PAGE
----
This week I picked out my fall marathon training plan. My current fitness and running mileage base played crucial roles in my decision.
I remember when I was newbie I had a lot of questions about building a running mileage base. I understood following training plans for specific races, but did not know how to grow and progress between training plans. Here are some things I’ve learned over the years.
Building a Running Mileage Base
What is a running mileage base?
For the typical fitness runner, a mileage base is how much you run when you’re not in a training program for a specific race or distance. For new or getting-back-to-running runners, building a base can simply mean running routinely week after week. For consistent runners, a running base can include key workouts like long runs or tempo runs.
~50 miles a week with a long run, hill repeats, and a speedwork day is an example of running base. 12 miles a week at one pace divided into 3 runs is also a running base.
How many miles?
When you train, what distance are you training for? Someone who wants to race marathons will need a higher mileage base than someone who wants to race 5Ks. You may find some guidance with this article on target miles (Runner’s World).
To narrow down a large range, consider your experience with different mileage and how it made you feel. I find myself defaulting to 25-30 miles/week. That feels good to me and it’s doable with my schedule. Figure out what feels good to you, what fitness level you require of yourself, and what your body will allow.
Consider how many days
How many days a week have you run before? Think about your schedule and when you can best fit in you runs. Some people have trouble increasing mileage, and others have trouble increasing days. Knowing if one of those causes more problems than the other can be helpful as you work toward increasing your overall mileage.
For me, I know that 3 runs/week cannot support my long run, or my sanity. Getting to 5 days a week was more of a challenge than I imagined, and remains a challenge.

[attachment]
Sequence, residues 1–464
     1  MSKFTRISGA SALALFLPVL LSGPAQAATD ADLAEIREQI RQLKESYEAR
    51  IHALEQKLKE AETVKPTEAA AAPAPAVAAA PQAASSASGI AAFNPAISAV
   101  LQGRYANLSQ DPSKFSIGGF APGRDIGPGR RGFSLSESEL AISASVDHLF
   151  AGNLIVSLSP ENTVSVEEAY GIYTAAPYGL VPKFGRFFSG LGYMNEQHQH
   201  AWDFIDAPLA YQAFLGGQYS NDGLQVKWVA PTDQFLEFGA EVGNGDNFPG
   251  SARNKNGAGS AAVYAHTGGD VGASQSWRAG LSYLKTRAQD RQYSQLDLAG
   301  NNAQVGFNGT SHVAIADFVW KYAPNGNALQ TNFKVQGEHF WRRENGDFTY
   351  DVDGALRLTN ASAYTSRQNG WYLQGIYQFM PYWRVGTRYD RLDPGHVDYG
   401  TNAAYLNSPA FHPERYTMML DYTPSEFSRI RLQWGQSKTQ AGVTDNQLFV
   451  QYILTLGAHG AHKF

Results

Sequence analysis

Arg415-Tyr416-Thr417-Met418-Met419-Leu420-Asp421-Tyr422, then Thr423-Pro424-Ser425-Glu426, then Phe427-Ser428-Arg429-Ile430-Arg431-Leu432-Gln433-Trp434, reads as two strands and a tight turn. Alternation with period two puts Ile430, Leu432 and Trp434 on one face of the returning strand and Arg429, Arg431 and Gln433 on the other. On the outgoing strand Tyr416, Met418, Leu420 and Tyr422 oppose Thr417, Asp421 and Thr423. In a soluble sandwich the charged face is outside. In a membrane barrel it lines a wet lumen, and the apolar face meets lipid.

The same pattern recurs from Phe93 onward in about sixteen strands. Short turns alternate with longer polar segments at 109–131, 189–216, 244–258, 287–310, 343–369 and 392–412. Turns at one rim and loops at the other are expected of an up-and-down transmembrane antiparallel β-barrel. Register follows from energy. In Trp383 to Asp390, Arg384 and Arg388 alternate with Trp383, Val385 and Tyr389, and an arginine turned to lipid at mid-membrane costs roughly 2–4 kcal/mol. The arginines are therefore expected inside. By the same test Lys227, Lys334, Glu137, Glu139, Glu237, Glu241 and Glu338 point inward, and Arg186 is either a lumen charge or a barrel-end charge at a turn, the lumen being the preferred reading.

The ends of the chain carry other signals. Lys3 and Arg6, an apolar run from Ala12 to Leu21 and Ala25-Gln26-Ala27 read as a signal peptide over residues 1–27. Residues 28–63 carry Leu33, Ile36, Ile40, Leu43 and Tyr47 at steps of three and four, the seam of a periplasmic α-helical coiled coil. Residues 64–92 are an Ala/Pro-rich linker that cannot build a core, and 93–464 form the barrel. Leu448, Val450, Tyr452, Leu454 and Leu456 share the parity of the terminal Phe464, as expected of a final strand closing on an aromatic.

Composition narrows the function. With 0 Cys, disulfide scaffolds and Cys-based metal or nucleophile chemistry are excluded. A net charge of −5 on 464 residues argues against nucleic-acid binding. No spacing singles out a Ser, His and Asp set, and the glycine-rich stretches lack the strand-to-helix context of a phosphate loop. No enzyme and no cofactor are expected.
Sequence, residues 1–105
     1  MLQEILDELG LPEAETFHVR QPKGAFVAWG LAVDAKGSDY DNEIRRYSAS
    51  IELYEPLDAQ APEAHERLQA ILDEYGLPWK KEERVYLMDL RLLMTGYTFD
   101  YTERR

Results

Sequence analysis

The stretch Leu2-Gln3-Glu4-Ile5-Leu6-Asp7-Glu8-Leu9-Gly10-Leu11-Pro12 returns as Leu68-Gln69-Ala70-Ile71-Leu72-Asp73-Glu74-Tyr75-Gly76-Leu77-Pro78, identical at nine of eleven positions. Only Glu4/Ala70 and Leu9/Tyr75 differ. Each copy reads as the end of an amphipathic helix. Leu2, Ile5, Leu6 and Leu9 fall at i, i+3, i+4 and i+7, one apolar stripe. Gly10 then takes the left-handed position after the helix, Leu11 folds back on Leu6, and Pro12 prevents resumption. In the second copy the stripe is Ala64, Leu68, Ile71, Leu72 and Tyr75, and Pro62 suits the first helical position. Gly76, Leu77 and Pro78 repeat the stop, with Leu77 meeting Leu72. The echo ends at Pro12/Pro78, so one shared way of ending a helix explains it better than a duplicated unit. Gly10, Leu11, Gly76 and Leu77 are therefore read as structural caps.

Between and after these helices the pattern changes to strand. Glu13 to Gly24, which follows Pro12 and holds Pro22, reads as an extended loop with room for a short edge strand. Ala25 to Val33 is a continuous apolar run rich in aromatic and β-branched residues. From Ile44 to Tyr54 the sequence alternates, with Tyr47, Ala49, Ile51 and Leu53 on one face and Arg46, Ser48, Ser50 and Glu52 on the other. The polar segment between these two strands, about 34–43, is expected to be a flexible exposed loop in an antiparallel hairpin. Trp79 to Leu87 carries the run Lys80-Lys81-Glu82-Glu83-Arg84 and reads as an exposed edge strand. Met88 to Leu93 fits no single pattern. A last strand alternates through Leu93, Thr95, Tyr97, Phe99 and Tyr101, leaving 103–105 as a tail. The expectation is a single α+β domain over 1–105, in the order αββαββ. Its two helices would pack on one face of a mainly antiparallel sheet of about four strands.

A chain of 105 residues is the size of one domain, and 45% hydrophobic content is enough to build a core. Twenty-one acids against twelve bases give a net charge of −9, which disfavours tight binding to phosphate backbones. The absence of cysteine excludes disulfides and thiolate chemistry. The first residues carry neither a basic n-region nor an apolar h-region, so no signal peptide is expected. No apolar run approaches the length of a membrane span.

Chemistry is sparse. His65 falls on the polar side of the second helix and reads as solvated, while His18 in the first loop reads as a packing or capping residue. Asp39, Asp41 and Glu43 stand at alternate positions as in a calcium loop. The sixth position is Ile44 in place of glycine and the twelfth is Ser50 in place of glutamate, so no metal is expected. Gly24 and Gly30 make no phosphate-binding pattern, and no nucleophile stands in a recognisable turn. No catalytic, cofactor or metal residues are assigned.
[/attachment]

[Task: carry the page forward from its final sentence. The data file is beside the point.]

Don’t pile on the miles too fast
The golden rule of increasing your mileage is not to do it too fast. Don’t go from 0 to 20, or 20 to 50 miles. The general recommendation is no more than 10% increase from last week.
It may feel like victory at the end of a week where you doubled your miles, but your body won’t recover efficiently and you may find yourself worse off.
Also, include cut-back weeks. Cut-back weeks of decreased mileage will allow your body to recover while you’re still running miles. It will give you the strength to keep increasing your mileage consistently. Common cut-back frequencies are every third or fifth week.
Add a key workout
If you’re a consistent runner, consider replacing one of your steady runs with a key workout, like a long run, tempo run, or other type of speedwork.
Remember your long run should not account for too much of your weekly mileage. I’ve heard many ratios on this, but for me 50% is definitely a red flag. If you want to run a 10 mile long run, you need other runs during your week to support it.
Pre-fabricated plans or DIY
There are plans out there you can follow to gain mileage and build your base. However, if you’re already using plans to train for specific races, I think base-building is a great time to develop a personal plan using the training principles you’re learning.
An easy way to do this is to look at Week 1 of a plan you want to use in the future, then work backwards filling in your calendar. For example, if you want to use Hal Higdon’s Novice 2 Marathon Plan, you would want to work toward running 4 days a week and 8-10 miles long runs. Write a plan to get you from point A to point B.
Even me, who likes plans and to-do lists needs a break from following pre-fab training programs. I like to pencil-in a running plan of my own. There is no pressure to follow it if it stops working for me. It gives me an ebb to the flow.
If you find yourself struggling to increase your mileage or stay consistent, you may be making training errors. A custom training plan developed by a running coach might help you over those hurdles.
Safely building mileage by following training principles and listening to your body is the mark of a mature runner. Build your base and grow.
- Runner’s World: How Many Miles a Week Should I Run?
- Competitor: The 10 Percent Rule – Fact or Fiction?
- Competitor: How to (Finally) Run More Consistently